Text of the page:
US 2316179 A
Description (OCR text may contain errors)
April 943. M. R. MosELEY 2,316,179
CROSS HAIRPIN F i led Dec. 12, 1941 INVENTOR MABEL R/GGS MOSELEY ATTORNEY Patented Apr. 13, 1943 UNITED STATES PATENT OFFICE GROSS HAIRPIN Mabel Riggs Moseley, New Iberia, La.
Application December 12, 1941, Serial No. 422,695
This invention relates to hairpins. The difficulty encountered with most hairpins is that they loosen in the hair and sometimes fall out.
It is therefore an object of the present inven tion to provide a highly improved hairpin which will firmly grip the hair and stay in place and which will not accidentally fall out of the hair.
A further object of this invention is to provide a hairpin of the character described, made of a single piece of wire and which requires no more stock than an ordinary hairpin, and which nevertheless will not sli out of the hair, so that it may be used on small looks of hair, and is yet no more visible than an ordinary hairpin.
A still further object of this invention is to provide a neat and durable hairpin of the character described, which shall be relatively inexpensive to manufacture, easy to manipulate and yet practical and efficient to a high degree in use.
Other objects of this invention will in part be obvious and in part-hereinafter pointed out.
The invention accordingly consists in the features of construction, combinations of elements, and arrangement of parts which will be exemplified in the construction hereinafter described, and of which the scope of application will be indicated in the following claim.
In the accompanying drawing, in which is shown one of the various possible illustrative embodiments of this invention,
Fig. 1 is a perspective view of a woman's head illustrating the method of using a hairpin em- 13. The arms H and I2 cross each other as shown in Fig. 2 of the drawing. 1
Intermediate portions Ila and l2a of said arms are flattened in parallel planes and contact one another, as particularly illustrated in Fig. 3 of the drawing. The remainder of the hairpin may be made of round Wire stock. The hair may thus be gripped between the flattened portions Ha and Hot. Or if the hair is received in the enclosed loop I 5, between the flattened portions Ila and ma and the bent back portion [3, the contacting crossing portions of the arms prevent the hairpin from slipping out.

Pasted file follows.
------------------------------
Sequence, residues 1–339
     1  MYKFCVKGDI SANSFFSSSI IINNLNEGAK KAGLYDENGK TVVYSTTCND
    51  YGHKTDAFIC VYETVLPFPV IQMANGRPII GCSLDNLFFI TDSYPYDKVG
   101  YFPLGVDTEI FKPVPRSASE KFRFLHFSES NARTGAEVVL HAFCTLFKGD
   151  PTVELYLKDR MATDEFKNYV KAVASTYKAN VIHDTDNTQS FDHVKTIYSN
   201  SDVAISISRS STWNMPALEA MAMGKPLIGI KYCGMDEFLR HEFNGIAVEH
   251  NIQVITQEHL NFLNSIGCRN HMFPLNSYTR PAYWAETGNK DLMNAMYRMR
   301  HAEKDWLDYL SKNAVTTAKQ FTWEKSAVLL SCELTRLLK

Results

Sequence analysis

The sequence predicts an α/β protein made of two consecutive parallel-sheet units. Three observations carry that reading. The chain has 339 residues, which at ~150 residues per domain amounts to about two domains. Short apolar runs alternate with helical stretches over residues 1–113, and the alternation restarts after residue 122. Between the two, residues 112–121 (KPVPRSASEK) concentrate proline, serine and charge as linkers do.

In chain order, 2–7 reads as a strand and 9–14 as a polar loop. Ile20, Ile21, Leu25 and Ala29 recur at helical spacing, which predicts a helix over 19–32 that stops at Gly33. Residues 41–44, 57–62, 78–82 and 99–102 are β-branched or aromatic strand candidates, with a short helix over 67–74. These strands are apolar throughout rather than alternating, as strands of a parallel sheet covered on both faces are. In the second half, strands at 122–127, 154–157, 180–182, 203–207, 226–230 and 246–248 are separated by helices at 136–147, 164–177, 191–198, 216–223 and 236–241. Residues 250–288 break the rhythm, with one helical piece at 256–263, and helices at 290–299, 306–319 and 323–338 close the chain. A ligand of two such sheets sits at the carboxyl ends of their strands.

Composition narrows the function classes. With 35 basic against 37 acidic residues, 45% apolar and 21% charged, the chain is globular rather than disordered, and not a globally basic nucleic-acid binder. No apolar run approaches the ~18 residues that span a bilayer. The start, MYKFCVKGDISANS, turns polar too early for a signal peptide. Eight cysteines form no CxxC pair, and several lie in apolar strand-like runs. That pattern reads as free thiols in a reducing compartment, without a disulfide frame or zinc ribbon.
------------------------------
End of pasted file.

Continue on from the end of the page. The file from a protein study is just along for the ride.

The hairpin may be made of very fine wire or heavier wire. The hairpin may be made from a round wire stock and then flattened at the portion Na and Ho.
The hairpin I0 is preferably made of resilient metal or other resilient material, so that the arms will resiliently press against one another.
It will thus be seen that there is provided a device in which the several objects of this invention are achieved, and which is well adapted to meet the conditions of practical use. I
As various possible embodiments might be made of the above invention, and as various changes might be made in the embodiment above set forth, it is to be understood that all matter herein set forth or shown in the accompanying drawing is to be interpreted as illustrative and not in a limiting sense.
said prongs being flattened in parallel planes, and a said flattened portions being in face to face contact and crossing one another, the ends or said prongs projecting in diverging planes outwardly of said flattened portions.
MABEL RIGGS MOSELEY.